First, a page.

Thompson, one of the largest audio companies around, recently announced the release of a new lossless mp3 audio codec. The company claims that the new codec, named mp3HD, will create bit-exact replicas of audio tracks from CDs, with 100% accuracy. Some of the important features of this new file format are as follows:
There is obviously some tradeoff for such great quality. The first tradeoff that will probably concern most music-lovers is the file size. Even a little, 4-minute track will take up to 26 MB, when encoded using the highest bit rate. If the bit rate is reduced somewhat, the file will still be around 18 MB in size, greatly increasing the space requirement for storing the files.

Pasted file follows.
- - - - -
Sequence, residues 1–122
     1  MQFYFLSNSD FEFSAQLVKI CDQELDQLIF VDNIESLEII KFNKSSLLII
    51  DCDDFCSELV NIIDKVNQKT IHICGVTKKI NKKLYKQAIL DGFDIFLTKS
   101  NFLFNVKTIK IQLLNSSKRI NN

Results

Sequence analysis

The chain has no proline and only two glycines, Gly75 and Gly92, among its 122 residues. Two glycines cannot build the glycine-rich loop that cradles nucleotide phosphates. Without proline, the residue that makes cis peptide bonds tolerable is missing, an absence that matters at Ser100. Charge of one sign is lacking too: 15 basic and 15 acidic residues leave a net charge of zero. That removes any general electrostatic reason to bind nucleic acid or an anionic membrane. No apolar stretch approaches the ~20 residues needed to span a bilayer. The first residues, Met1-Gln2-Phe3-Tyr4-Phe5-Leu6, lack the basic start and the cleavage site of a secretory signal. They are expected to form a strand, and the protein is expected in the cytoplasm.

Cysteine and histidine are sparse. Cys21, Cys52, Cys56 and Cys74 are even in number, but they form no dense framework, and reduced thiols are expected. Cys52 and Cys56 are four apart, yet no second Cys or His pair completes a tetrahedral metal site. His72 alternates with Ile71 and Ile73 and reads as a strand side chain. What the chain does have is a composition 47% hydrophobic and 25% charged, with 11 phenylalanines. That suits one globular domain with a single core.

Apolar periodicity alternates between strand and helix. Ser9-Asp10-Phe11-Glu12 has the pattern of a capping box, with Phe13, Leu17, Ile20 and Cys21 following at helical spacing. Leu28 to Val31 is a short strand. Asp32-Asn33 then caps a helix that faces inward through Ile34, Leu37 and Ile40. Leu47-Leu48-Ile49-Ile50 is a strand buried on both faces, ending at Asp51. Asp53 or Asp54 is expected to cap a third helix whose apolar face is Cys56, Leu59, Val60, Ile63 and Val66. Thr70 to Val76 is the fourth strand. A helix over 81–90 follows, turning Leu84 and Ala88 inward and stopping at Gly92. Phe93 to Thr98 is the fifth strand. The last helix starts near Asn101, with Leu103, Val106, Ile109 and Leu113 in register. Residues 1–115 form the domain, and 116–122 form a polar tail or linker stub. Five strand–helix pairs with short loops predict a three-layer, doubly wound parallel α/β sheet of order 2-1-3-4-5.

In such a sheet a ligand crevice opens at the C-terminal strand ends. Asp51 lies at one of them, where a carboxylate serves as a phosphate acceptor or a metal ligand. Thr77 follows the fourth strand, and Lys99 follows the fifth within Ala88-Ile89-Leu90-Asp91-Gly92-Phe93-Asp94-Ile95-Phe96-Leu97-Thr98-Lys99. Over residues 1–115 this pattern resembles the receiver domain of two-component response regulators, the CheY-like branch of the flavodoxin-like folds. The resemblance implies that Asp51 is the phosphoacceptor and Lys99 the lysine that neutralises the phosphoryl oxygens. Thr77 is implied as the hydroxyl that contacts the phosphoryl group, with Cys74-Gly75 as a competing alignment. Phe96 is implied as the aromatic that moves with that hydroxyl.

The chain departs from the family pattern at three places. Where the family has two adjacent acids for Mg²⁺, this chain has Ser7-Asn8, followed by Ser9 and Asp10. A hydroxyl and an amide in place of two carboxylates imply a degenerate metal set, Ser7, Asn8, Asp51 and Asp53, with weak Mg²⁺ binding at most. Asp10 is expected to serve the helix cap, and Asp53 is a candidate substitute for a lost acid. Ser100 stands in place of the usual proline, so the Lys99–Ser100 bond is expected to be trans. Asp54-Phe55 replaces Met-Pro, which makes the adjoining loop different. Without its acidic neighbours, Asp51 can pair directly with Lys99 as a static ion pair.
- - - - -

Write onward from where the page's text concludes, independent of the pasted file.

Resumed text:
The biggest drawback that the codec will face is probably the lack of hardware support. No mp3 player available in the market currently supports this new audio format. So, for now, only PC users will be able to tinker around with this new technology.
Thomson reportedly plans to charge 75 cents for every PC software decoder package. Each codec will apparently be priced somewhere between $2.50 and $5.00. A hardware decoder and codec will cost 75 cents and $1.25 respectively.
The technology looks good so far and is all set to revolutionize the world of music, but strong hardware support is a must, if the technology has to be successful in today’s competitive market.